Supply is driven by consumer demand, and consumer wants are getting more complex. Logistics in turn requires better planning and efficiency. Here are some pointers to create a logistic strategy that reduces costs, satisfies customers and drives profits.
The Customer as the Centre
By starting with what customers want, we are better able to plan logistics strategies that will maximise customer satisfaction. Efforts must be directed at the end-user, as demand and loyalty for your services will make or break your business.
The UPS Pulse of the Online Shopper™: A Customer Experience Study (Asia and Australia) conducted in 2013 revealed that customers want more choice, flexibility and certainty, and that only about 50 per cent of Asian online shoppers are satisfied with their experiences so far. This study surveyed over 4,000 online shoppers from Australia, China, Hong Kong and Singapore.
Consumers are looking for more choice than what they have now. Among those surveyed, only 54 per cent have the ability to track online purchases, 40 per cent have the certainty of choosing a specific time and day of delivery, and 38 per cent have the flexibility to reroute packages. More delivery and tracking options can be given to suit different needs and lifestyles.
For example, secure lockers with 24-hour access like SingPost’s POP Stations and Yamato’s Ta-Q-Bins have been introduced as alternative pickup locations for Singaporean shoppers, since many work full-time and are not home to receive the package in the daytime; they would rather pick it up at their own convenience.
Consumers also differ in terms of their flexibility. Some 76 per cent are willing to wait up to five days for delivery, but also want the option of using express services while 44 per cent want an easy returns process, so that they can get refunds easily for faulty or unwanted products.
There is a demand for certainty, where customers can anticipate when their shipment is going to arrive. However, only 56 per cent are notified when the shipment will be delivered, while 54 per cent are able to track the shipment on their mobile phone. Firms that do not offer such convenient tracking services are missing out, as 75 per cent of respondents purchase items through their mobile devices. In fact, 65 per cent of them said they would abandon their shopping cart if they were not given a specific delivery time and date.
Logistics strategies can be improved through a customer-centric approach. While many logistics companies may choose to build their strategy around what they do best, it is better in the long run to build it around what the customer wants. Through the use of research and data analysis, companies can easily find out what is in demand, and create a business model that meets it.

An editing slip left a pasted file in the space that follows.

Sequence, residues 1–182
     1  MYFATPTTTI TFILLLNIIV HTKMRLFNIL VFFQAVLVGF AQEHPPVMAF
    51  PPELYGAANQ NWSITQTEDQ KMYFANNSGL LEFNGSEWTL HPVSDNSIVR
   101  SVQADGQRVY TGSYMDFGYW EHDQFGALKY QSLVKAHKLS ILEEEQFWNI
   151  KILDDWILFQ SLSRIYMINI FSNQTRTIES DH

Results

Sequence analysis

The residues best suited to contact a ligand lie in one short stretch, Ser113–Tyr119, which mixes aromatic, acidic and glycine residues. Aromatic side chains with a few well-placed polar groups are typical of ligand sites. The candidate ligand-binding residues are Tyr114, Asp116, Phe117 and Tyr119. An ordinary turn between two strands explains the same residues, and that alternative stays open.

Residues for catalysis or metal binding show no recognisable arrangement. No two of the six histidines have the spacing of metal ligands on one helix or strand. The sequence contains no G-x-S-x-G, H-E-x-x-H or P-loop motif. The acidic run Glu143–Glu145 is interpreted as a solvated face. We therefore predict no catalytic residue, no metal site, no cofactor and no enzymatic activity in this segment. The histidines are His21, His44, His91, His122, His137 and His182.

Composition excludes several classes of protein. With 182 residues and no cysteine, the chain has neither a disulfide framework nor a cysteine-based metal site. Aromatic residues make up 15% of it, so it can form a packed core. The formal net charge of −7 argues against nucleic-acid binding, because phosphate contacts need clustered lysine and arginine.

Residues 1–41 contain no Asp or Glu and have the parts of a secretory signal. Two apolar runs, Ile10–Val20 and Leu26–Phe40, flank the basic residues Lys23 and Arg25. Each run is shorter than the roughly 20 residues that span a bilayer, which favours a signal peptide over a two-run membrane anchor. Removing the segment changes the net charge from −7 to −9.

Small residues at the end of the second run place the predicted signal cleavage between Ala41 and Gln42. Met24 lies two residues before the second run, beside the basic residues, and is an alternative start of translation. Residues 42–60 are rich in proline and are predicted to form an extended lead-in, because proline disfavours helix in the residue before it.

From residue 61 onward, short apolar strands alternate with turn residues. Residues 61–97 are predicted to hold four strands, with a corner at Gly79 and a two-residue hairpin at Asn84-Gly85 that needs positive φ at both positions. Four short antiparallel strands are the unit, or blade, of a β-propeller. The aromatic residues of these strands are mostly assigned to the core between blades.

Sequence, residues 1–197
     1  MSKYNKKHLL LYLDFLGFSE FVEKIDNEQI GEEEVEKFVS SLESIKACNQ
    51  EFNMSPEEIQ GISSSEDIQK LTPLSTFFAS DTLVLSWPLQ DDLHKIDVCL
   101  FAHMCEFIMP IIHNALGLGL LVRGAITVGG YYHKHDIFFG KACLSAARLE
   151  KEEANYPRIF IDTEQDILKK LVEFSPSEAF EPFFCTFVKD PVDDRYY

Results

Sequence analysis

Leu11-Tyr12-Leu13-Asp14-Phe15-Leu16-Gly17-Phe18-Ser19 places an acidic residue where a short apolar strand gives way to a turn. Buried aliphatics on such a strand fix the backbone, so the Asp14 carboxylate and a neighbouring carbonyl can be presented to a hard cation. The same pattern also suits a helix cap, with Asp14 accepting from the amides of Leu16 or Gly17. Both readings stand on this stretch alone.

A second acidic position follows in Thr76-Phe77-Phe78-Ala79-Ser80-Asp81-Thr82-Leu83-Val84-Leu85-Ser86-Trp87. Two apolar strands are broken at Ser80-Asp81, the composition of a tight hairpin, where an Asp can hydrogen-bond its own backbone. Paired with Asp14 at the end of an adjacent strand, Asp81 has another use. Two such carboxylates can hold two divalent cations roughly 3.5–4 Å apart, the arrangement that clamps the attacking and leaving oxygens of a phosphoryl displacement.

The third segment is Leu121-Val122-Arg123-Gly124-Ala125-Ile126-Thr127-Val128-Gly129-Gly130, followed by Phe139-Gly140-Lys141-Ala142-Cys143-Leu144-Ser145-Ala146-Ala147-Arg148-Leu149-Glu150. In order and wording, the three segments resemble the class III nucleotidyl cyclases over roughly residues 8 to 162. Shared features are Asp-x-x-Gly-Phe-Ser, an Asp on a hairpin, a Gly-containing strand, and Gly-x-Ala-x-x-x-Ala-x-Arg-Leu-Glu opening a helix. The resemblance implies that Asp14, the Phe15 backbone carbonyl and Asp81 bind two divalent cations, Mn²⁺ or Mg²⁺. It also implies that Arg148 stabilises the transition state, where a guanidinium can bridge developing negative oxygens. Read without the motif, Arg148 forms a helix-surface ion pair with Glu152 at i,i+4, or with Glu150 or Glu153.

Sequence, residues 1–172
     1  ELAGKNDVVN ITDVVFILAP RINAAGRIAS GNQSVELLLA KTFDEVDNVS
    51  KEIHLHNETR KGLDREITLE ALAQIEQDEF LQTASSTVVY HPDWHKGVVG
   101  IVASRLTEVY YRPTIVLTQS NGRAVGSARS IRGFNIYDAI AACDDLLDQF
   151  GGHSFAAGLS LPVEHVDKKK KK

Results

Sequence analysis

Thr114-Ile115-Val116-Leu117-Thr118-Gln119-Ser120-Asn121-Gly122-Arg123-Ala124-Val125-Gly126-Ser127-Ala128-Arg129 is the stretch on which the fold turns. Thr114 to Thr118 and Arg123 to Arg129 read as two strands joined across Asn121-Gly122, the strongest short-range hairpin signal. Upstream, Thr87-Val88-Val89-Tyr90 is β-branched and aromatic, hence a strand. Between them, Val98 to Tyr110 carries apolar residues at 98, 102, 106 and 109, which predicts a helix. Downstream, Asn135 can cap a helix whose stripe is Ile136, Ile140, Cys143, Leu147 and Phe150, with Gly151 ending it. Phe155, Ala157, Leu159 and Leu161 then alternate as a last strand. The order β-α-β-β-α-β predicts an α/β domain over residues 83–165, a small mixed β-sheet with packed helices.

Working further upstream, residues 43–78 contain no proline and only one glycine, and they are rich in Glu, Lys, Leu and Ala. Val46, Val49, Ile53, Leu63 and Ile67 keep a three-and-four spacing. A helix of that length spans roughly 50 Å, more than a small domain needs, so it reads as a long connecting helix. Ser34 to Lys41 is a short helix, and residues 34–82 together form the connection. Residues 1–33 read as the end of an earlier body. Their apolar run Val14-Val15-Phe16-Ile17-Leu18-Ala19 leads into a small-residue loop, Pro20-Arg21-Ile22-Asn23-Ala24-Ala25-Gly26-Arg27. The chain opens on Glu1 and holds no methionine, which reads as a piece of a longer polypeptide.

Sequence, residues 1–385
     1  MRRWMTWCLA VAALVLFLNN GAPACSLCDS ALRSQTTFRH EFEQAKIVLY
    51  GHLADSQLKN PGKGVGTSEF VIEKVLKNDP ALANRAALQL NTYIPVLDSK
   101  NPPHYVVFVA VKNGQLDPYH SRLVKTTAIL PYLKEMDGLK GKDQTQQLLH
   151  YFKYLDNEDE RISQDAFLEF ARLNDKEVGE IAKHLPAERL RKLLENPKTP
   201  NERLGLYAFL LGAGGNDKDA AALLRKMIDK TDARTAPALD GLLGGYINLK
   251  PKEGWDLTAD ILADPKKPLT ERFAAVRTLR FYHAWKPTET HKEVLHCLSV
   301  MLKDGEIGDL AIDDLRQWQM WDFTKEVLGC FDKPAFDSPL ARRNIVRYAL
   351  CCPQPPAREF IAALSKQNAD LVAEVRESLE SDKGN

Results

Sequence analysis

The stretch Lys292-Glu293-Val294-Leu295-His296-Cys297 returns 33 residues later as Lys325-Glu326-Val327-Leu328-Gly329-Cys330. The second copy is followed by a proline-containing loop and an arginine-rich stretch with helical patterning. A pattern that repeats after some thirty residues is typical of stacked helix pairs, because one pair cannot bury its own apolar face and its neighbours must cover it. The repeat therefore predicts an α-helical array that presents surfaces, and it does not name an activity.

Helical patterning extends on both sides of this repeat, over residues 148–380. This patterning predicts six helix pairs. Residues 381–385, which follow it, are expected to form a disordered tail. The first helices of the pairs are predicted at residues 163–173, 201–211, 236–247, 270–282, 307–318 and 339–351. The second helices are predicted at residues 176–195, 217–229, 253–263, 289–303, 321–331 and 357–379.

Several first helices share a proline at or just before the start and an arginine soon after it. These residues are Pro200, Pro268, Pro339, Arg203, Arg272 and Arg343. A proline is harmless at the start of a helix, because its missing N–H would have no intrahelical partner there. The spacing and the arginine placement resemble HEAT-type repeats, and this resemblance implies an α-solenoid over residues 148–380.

“When a company begins practising inbound logistics or demand-driven logistics, transportation costs are reduced but the savings of replacing inventory with information, and providing better customer service to your customers, is even more important,” shares Keith Biondo, publisher of Inbound Logistics Magazine, with Camcode.com.
For example, DPEX Worldwide developed Choizes, which is a customer satisfaction strategy that gives customers more choice in payment options together with the option of changing the drop-off location before delivery. This offers the customer more certainty and choice and saves costs from repeated failed deliveries to their home address.
Regardless of which part of the supply chain a company sits on, planning ahead is key. The demand for online shopping and deliveries peak and lull at specific periods, and firms can incur huge costs without a good logistics plan. For example, during peak periods such as in the run-up to Christmas or Black Friday, there will be a huge surge of orders. In 2013, Amazon hired an additional 15,000 staff to cope with the Christmas season. Warehouses also need to have stable IT systems and enough manpower to fulfill the orders on time, without running added costs of rushed shipping or delivery.
Harnessing big data and analytics can help companies plan ahead to meet appropriate staffing and warehousing requirements. Logistic strategies often start with one main aim of reliability, speed, affordability or quality. There will always be a trade-off in achieving aims. A strategy to keep prices as low as possible will always differ from one that aims for speed.
However, with good planning and research, companies can find creative ways to cut costs and keep customers happy. A.T. Kearney revealed that some Chinese companies have found a way to halve shipping time without extra costs when fulfilment centres are strategically placed. It also found, however, that reliable service still trumps speed of delivery. Thus, balancing express delivery with reliability is another integral part of the logistics strategy.
When developing a logistics strategy, it is paramount to put the customer at the centre of operations. Consumer demands and trends are changing rapidly in the e-commerce landscape, and companies need to constantly stay in tune with consumers or risk falling behind. With the aid of technology, companies can then explore other ways of providing the best customer experience at the lowest cost. Innovation is also required to challenge traditional logistics management and business models.
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